The use of pornography, while unproblematic for the majority, can grow into addiction-like behavior which in its extreme form is labeled as compulsive sexual behavioral disorder in the ICD-11 (WHO, 2018). The aim of this study was to investigate the addiction-specific reactivity to cues in order to better understand underlying mechanisms in the development of this disorder.
We have used an optimized Sexual Incentive Delay Task to study brain activity in reward associated brain areas during an anticipation phase (with cues predicting pornographic videos, control videos or no videos) and a corresponding delivery phase in healthy men. Correlations to indicators of problematic pornography use, the time spent on pornography use, and trait sexual motivation were analyzed.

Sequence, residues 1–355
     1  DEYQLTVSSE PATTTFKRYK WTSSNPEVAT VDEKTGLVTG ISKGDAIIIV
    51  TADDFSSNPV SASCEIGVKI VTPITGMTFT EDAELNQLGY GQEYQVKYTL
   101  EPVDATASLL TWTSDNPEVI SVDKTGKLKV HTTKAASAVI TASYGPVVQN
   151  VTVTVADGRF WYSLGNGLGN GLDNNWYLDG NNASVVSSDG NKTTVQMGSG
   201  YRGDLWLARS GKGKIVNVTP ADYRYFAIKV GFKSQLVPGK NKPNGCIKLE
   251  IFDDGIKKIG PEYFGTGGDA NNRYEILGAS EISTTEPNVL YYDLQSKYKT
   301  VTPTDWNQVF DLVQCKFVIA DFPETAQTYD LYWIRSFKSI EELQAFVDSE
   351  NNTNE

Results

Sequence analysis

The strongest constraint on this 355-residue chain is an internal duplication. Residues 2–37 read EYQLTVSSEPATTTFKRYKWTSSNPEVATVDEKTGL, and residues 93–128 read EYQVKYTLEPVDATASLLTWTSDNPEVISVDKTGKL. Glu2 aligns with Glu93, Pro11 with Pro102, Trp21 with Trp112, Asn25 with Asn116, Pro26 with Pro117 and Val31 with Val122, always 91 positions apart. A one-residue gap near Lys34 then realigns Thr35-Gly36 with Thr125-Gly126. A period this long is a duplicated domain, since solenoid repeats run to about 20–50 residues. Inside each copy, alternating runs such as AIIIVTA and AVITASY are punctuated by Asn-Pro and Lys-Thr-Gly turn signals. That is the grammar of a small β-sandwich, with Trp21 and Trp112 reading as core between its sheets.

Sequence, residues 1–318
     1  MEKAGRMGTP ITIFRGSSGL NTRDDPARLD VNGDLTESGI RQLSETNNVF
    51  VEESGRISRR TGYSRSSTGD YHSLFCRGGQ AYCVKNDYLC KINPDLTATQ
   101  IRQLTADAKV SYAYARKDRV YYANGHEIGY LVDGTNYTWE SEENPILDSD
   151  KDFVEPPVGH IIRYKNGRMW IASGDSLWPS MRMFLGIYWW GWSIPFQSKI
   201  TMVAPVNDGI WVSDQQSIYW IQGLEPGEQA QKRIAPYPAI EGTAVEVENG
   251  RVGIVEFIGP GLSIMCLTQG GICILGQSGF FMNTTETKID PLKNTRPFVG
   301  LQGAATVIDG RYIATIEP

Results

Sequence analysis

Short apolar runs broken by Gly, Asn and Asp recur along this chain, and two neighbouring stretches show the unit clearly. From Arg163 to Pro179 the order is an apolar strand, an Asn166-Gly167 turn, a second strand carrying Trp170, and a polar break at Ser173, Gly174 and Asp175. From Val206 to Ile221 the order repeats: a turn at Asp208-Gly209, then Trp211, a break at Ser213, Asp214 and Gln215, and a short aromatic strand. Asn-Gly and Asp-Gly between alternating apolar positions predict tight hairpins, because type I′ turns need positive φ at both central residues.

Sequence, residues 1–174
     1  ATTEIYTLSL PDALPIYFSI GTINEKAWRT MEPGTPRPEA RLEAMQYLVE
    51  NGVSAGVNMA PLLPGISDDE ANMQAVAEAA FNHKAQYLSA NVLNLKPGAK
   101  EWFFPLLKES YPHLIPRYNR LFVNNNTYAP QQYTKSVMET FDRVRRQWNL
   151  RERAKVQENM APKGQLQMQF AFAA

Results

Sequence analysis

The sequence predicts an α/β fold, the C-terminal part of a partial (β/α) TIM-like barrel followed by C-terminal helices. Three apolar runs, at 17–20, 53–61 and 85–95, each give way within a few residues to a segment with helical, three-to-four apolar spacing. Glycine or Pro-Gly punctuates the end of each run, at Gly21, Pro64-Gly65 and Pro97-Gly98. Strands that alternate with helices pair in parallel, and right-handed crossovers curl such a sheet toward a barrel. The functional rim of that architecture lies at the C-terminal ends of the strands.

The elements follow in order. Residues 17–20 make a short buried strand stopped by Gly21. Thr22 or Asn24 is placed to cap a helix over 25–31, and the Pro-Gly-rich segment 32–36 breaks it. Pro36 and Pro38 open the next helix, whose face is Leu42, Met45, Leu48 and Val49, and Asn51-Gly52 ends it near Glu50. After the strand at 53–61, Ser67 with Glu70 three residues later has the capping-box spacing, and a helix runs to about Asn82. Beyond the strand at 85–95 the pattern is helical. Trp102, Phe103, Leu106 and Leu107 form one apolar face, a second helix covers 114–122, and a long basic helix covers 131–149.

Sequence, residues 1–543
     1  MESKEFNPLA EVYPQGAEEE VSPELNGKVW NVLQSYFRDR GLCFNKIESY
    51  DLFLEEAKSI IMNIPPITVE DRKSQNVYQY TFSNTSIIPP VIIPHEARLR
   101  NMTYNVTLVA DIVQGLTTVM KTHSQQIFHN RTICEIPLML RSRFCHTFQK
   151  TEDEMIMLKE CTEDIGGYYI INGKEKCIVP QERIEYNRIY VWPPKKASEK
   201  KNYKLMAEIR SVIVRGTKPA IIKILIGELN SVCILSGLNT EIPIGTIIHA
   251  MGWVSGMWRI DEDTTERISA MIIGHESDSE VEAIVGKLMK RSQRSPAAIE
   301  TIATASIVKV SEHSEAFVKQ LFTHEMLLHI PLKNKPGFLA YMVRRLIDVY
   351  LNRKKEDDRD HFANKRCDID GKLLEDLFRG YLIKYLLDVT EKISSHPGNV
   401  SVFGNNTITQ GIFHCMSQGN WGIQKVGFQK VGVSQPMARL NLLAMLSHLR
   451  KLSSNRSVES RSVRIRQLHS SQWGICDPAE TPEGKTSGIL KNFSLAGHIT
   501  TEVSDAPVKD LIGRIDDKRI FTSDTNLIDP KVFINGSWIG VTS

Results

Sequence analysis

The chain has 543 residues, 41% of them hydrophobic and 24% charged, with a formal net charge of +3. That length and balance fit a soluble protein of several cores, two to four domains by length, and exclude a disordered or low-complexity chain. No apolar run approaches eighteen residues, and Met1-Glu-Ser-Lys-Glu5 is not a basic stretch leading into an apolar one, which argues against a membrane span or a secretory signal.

The results of 74 men showed that reward-related brain areas (amygdala, dorsal cingulate cortex, orbitofrontal cortex, nucleus accumbens, thalamus, putamen, caudate nucleus, and insula) were significantly more activated by both the pornographic videos and the pornographic cues than by control videos and control cues, respectively. However, we found no relationship between these activations and indicators of problematic pornography use, time spent on pornography use, or with trait sexual motivation.
The activity in reward-related brain areas to both visual sexual stimuli as well as cues indicates that optimization of the Sexual Incentive Delay Task was successful. Presumably, associations between reward-related brain activity and indicators for problematic or pathological pornography use might only occur in samples with increased levels and not in a rather healthy sample used in the present study.